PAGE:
So tell me this, if you were one of the investors, which version of the story would you like? Which one sounds more appealing? I reckon the second one. It’s more humane and one can easily connect to a similar incident from their own experiences.
That’s how powerful storytelling is. When presented in the right manner, you start seeing the world full of possibilities. You begin to look at the bright side of things and the future that the idea unlocks.
So, the next time you pitch your idea, make the most of it by building a personal story (if any), or introducing a fictional character in a fictional landscape. You can even create a villain (obstacles) and make it more interesting.
Everyone loves a bit of drama and cheers a good story.
Explaining user stories and sprint retrospectives
It’s no accident that the basic molecule of a system’s functionality is called a user story. Not every developer/designer would be able to understand product’s complicated vision. In that case, user stories help in communicating the task in the simplest words.
A user story that says “As a user, I want to see how many frequent flyer miles I’ve earned from all my trips” is a modular story and it doesn’t need an understanding of the entire vision of the product.
That’s the simplest one line story to tell the developer what problem the user is facing and how we can solve it. In this scenario, even if the team member is new, it’s easy for him/her to understand the problem and come up with a solution.
Similarly, in the retrospective meetings, things that worked and things that didn’t work are nothing but stories — stories of success and failures.
So, instead of just listing elements of the process that did or did not work during the sprint, try and form a story of why something worked or failed. It charms the participants in a way like no other.
While planning marketing activities
The reason why every product needs a marketing strategy is because we all need to hear a good narrative that speaks volumes about the product’s goodness. Marketing does that by targeting the right audience with the right messaging.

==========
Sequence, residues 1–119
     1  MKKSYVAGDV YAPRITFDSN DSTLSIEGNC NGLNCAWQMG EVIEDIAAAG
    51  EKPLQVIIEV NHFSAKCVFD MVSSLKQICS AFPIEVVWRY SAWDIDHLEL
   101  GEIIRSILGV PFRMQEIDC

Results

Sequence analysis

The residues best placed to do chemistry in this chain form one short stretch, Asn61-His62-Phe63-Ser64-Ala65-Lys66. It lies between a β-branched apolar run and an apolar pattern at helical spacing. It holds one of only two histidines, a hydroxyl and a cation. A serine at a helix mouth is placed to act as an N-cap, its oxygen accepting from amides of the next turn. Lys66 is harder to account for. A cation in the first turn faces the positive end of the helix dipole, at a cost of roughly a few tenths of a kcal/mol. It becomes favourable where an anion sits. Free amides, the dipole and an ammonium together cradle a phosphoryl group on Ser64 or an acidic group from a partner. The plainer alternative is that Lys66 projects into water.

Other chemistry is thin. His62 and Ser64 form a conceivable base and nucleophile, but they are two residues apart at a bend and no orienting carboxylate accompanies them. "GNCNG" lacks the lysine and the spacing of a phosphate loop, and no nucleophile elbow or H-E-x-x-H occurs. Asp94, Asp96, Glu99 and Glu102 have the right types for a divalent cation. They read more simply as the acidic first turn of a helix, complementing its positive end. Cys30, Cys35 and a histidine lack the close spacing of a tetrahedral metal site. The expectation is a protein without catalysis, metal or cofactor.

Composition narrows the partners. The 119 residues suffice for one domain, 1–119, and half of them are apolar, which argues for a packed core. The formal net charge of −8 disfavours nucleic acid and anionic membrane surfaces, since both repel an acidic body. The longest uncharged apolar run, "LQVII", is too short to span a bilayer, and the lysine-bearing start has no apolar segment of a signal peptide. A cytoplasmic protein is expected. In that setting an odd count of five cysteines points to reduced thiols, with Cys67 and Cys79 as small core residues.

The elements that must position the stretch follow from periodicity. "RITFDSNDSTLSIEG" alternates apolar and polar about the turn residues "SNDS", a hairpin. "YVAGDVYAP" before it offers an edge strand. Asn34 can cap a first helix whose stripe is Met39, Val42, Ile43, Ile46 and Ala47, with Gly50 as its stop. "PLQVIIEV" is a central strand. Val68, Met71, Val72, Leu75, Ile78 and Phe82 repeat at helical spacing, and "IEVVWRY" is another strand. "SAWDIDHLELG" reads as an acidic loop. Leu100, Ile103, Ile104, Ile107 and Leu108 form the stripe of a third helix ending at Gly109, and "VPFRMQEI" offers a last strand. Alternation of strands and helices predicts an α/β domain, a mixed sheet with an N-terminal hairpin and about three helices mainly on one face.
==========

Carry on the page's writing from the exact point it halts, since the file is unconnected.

However, it can be a disaster if the marketing team doesn’t understand what the product does and how to woo its audience. Imagine the product going out in the market with an entirely different vision than the intended one. Imagine the product telling a different brand story than the one it was originally built upon.
Here comes the role of the product manager.
A product manager has a holistic view of the product and understands everything about the product from end-to-end. So, it’s a product manager’s job to help the marketing team understand what the product intends to achieve and help prune the messaging so that reaching targeted audience is easier.
So, as a product manager, it’s you who has to help the marketing team shape its communication & take a strategic positioning around product.
Build a brand story that people feel connected to. Position it in a way where people feel attached to your cause. Identify and promote the features which add value in user’s life.
The reason why a product manager must be a great product storyteller is because a PM works with nearly everyone involved in product development- engineers, marketers, designers. All these people need to be convinced to communicate product’s vision through their design, branding and coding.
So, one has to be really good (in fact, great) at telling a compelling story to get them on the team, to keep them motivated, and clear about the product you’re building.
And as for the end users, only the product manager would know how to position the product/brand in a way which makes people think, feel or smile just at the mention of it.